Over the past 15 months, we’ve all gained some extra time with our furry four-legged friends. But are you worried about what’s going to happen now that restrictions are easing? Your precious pooch has become used to seeing you at home constantly. And this might become a challenge if you’re returning to the office, going on staycations or simply hanging out more with your friends and family.
With over 30%1 of dogs in the UK showing obvious signs of separation anxiety, it’s important to understand how you can prepare your pup for 'life after lockdown'. In this guide, we’ve partnered with animal behaviourist Helena Hale to take a closer look at the issue of separation anxiety in dogs – including the what and the why, the tell-tale signs and how to get post-lockdown support…
What is separation anxiety in dogs?
This is the term used when dogs show signs of distress when separated from their pet parents. Untreated, separation anxiety can seriously compromise our dogs’ welfare, and the problematic behaviours associated with it can undermine the dog-owner bond.
Why do dogs get separation anxiety?
Simply put dogs love spending time with us. They’re social animals, so being alone is not natural for them. A change in their routine – like you being at home 24/7 for 15 months and then returning to life as normal – can trigger different behavioural issues.
This is exaggerated in puppies who have grown up during the pandemic, who don’t know life without you.
The best time for them to learn that being alone is normal is during the ‘socialisation period’ – when your pup is between three and 12 weeks old. At this time, puppies’ brains are still developing, and they are learning what life is all about. Because lockdown didn’t give them the chance to be alone, they’re more likely to experience separation-related problems now everything is returning to normal.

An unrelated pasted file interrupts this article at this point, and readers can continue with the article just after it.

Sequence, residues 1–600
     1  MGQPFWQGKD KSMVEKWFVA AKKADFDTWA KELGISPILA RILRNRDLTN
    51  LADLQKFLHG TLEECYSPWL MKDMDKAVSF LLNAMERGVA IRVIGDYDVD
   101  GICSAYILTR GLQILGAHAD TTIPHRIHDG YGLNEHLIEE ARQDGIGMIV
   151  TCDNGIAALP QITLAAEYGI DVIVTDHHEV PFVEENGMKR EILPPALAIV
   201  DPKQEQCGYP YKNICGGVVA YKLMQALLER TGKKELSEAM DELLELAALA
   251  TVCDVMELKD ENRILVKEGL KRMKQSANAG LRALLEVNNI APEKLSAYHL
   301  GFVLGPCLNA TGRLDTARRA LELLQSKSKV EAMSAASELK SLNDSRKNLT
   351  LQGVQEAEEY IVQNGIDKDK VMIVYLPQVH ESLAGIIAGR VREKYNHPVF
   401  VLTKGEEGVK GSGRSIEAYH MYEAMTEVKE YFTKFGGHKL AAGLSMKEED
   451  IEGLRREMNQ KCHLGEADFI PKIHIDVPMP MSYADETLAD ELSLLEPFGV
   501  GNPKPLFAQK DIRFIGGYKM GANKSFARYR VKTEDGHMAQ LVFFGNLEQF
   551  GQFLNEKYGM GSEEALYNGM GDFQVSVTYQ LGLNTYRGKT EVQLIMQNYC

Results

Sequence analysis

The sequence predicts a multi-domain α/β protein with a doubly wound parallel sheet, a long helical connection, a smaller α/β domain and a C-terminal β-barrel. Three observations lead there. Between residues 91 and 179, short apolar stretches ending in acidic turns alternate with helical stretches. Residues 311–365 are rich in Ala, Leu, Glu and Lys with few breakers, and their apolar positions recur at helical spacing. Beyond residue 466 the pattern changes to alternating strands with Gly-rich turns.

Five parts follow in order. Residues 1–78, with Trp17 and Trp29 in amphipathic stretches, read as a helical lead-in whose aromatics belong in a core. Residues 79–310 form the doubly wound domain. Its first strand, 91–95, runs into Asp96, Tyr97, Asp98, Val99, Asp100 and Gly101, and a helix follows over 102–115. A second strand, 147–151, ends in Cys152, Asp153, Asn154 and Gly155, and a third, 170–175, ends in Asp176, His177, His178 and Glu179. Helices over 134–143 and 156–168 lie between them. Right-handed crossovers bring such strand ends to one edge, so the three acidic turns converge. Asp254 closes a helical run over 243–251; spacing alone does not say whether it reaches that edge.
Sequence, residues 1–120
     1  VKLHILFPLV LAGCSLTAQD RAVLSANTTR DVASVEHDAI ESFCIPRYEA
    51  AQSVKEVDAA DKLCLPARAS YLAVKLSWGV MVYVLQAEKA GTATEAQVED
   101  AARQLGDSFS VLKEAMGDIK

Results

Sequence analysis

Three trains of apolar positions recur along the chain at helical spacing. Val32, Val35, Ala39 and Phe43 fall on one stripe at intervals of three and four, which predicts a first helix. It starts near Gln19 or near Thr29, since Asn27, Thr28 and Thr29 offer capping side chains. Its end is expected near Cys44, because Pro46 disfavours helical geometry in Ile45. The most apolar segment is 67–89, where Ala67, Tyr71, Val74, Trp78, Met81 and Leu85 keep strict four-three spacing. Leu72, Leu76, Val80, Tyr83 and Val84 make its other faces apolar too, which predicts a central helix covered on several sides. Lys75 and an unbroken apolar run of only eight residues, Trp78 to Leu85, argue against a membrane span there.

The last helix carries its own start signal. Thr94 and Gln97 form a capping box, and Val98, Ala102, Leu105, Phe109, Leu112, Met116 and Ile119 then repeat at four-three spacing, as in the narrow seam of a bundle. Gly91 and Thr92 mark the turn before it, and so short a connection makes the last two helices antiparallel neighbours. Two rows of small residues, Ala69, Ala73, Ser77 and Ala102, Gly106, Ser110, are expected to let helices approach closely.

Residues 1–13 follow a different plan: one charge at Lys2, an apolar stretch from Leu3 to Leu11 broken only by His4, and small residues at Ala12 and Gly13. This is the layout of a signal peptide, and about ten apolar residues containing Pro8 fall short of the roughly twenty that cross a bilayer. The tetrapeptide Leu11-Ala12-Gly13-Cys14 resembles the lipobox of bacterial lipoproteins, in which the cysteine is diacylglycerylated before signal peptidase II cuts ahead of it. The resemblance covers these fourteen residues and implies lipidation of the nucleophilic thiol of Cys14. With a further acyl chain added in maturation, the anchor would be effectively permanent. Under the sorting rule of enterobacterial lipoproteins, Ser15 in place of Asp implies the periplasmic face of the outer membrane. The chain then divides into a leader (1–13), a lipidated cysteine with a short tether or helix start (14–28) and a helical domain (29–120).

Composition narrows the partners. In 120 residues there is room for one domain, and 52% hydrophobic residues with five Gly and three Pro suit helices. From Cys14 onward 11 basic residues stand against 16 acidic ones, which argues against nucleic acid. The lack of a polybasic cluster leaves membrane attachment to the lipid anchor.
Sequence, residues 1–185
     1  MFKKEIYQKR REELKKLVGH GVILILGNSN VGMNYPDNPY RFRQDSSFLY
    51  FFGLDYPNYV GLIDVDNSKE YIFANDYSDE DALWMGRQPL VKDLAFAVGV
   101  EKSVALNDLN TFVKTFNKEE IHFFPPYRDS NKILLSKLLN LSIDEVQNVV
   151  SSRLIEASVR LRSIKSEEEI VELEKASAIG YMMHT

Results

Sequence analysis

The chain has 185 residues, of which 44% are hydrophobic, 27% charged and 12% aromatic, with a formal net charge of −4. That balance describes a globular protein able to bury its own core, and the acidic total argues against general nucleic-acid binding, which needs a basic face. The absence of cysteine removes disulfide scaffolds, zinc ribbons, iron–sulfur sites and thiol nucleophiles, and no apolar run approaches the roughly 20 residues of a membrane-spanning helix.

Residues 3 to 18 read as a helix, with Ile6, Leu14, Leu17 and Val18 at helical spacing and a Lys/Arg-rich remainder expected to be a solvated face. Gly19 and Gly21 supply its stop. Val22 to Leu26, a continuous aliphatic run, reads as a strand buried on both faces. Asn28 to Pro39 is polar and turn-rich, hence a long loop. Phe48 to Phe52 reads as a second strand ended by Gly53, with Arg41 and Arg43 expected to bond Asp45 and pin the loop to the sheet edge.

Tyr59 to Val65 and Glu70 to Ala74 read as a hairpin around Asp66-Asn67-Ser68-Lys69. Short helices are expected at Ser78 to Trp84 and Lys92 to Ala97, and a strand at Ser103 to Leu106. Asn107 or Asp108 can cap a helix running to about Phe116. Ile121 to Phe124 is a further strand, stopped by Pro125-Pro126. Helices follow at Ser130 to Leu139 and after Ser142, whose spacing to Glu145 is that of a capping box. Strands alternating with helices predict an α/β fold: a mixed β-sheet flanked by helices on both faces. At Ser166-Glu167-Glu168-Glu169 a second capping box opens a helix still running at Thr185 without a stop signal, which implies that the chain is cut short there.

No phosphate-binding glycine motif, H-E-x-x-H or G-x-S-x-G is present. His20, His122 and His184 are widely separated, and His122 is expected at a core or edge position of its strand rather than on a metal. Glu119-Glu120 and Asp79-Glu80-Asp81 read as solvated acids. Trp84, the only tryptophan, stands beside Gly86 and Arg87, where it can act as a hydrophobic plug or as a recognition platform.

The signs of separation anxiety in dogs
Dogs express how they feel through body language, behaviour and vocalisations. Here’s a few common indicators of separation anxiety:
This could be chewing your furniture or belongings, scratching at walls and floors, or digging at doors. It’s important to remember your dog isn’t doing these things to spite you. This is just a simple psychological symptom of separation anxiety.
When left alone, some dogs may urinate or poop inside – or in unusual places.
Barking, whining, or howling
Anxious dogs are likely to make loud vocalisations when alone in an attempt to regain contact with you, or to simply get your attention.
A dog with separation anxiety might attempt to follow you out of the house. In the worst cases, they’ll try to dig and scratch their way out of your home. This could cause some serious damage to their teeth, paws and nails!
An anxious dog may struggle to settle and relax, even when you’re around. This is because they’re worried you may leave again!
Loss of appetite
Leaving treats or meals untouched can be a sign your dog is anxious without you around.
Shivering, shaking, or cowering
As you try to leave the house – or after you’ve already gone – your dog may shiver, shake or cower out of anxiousness.
Other signs of separation anxiety include trying to prevent you from leaving the house by blocking your exit or using attention-seeking and aggressive behaviour. Some dogs will make themselves scarce as you prepare to leave, to avoid the situation.
But how can you tell if your dog is suffering from separation anxiety or just being naughty? If it’s separation anxiety, these destructive behaviours probably won’t happen in front of you – your dog’s likely to be calmer simply by being around you!
What to do if your dog suffers from separation anxiety?
If you’re unsure how your dog responds to being left alone, we recommend setting up a video camera to record their behaviour when you leave them. If they behave differently to how they normally would in your company, they might be suffering from separation anxiety. It’s important to never punish your dog’s anxious behaviour as it will only add to their emotional distress.